Look to reimbursement to ease pediatrician shortages, UChicago leader says

As healthcare staffing shortages persist, one specialty that continues to feel the scarcity is pediatrics.

Pediatric medicine saw 4,142 dropouts from 2021 to 2022, making it the fifth highest number of specialty dropouts, according to a report by Definitive Healthcare. 

"I just took care of someone yesterday who needed an appointment with a subspecialist and it's a yearlong wait, and that all of 2024 was booked. I think that there are definitely shortages," Alison Tothy, MD, associate professor of pediatrics and chief experience and engagement officer of UChicago Medicine, told Becker's

A nonprofit academic medical health system, UChicago Medicine consists of the Medical Center, Pritzker School of Medicine and the Biological Sciences Division. With over 40 institutes and centers, the health system has 805 beds, almost 850 attending physicians, around 2,500 nurses, and more than 1,000 residents and fellows, according to its LinkedIn page

Dr. Tothy said fair pay, reimbursements, loan repayment and burnout are just some of the key factors causing a pediatric shortage.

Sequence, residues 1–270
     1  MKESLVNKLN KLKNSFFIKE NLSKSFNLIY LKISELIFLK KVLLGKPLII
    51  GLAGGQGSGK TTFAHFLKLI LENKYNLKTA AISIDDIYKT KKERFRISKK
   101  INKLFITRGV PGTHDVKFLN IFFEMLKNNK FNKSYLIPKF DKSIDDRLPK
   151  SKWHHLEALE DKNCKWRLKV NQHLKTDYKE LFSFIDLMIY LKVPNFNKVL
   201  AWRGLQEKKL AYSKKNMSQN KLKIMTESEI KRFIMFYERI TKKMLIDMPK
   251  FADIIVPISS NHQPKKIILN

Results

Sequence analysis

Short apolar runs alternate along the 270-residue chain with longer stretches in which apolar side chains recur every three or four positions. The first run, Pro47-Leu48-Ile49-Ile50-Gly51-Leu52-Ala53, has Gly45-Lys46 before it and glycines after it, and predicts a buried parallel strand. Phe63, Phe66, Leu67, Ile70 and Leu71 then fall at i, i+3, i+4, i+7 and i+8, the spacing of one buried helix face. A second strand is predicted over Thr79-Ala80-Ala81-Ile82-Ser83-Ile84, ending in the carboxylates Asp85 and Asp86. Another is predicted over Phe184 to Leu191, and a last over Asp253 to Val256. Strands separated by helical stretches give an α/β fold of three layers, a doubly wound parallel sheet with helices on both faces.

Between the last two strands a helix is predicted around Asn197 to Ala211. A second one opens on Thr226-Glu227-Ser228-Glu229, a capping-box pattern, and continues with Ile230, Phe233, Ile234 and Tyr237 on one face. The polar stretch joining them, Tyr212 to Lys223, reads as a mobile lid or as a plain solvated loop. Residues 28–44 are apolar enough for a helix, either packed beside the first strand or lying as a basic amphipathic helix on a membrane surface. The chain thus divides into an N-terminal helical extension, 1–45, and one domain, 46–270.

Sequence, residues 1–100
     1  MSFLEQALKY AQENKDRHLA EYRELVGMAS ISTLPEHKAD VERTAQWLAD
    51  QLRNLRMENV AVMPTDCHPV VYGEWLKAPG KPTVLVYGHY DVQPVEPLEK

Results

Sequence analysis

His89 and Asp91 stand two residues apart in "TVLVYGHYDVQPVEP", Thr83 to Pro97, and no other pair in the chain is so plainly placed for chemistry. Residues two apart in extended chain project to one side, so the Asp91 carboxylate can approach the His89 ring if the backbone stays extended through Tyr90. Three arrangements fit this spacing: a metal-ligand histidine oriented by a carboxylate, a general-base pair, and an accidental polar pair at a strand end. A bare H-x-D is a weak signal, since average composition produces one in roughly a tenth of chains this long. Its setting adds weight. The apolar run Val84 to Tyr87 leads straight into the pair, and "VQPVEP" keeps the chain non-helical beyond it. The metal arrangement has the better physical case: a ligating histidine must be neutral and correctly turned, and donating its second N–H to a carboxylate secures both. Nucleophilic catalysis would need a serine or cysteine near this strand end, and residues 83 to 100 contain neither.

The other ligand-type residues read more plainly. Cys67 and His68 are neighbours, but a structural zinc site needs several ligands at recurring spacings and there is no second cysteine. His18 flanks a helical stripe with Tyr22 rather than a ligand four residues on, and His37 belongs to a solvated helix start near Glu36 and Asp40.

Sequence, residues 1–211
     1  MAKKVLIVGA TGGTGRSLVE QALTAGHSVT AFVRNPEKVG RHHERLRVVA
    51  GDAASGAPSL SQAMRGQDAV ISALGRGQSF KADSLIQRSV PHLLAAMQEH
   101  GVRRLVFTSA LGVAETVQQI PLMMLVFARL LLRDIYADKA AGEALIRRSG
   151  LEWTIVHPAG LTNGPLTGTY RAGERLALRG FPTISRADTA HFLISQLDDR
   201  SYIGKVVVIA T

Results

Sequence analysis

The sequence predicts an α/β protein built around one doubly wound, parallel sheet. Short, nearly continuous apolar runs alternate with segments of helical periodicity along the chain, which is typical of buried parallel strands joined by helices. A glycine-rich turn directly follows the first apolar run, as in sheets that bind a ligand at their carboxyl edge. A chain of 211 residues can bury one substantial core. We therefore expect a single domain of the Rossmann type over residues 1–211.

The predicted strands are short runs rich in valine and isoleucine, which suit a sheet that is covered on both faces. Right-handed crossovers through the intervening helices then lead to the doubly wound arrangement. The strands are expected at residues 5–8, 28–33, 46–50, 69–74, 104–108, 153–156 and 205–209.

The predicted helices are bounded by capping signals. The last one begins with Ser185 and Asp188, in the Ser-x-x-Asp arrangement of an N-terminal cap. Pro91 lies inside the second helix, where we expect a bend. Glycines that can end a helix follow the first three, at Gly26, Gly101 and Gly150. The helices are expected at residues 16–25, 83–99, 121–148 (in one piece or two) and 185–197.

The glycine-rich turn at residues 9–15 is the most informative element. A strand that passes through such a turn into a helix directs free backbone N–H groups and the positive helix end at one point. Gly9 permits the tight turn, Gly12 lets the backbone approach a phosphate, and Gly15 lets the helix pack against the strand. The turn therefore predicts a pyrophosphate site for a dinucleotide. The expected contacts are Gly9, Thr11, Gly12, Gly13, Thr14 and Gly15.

"I really do believe examining reimbursement rates for child services is incredibly important. Realigning them to meet the escalating costs in general of healthcare, I don't think that pediatric reimbursement has met those rises," she said. 

Dr. Tothy said children are requiring increased resources, be that from a developmental or mental health standpoint, which is placing stronger burdens on pediatricians. 

"We aren't necessarily providing the support structure to help pediatricians navigate these complicated spaces," Dr. Tothy said. 

Working as a pediatric emergency medicine physician, Dr. Tothy said people with acute problems often get redirected to the pediatric emergency department due to lack of availability with general pediatrics.

"I worry that the patients that I send out that I know need follow-up care can't get the follow-up care in the moment that they need it. Sometimes we keep them longer in the pediatric emergency department to be able to take care of them more thoroughly than we might if we can ensure that in the next couple of days they would have a follow-up," she said.

Dr. Tothy is hopeful that in getting medical students immersed in pediatric shadowing and early hands-on patient experience, more people will join the field.

"I really love taking care of children and I love taking care of healthy adults," she said. "When you take care of children, you're not just taking care of the child, you're taking care of the whole family. To me, that's really important."

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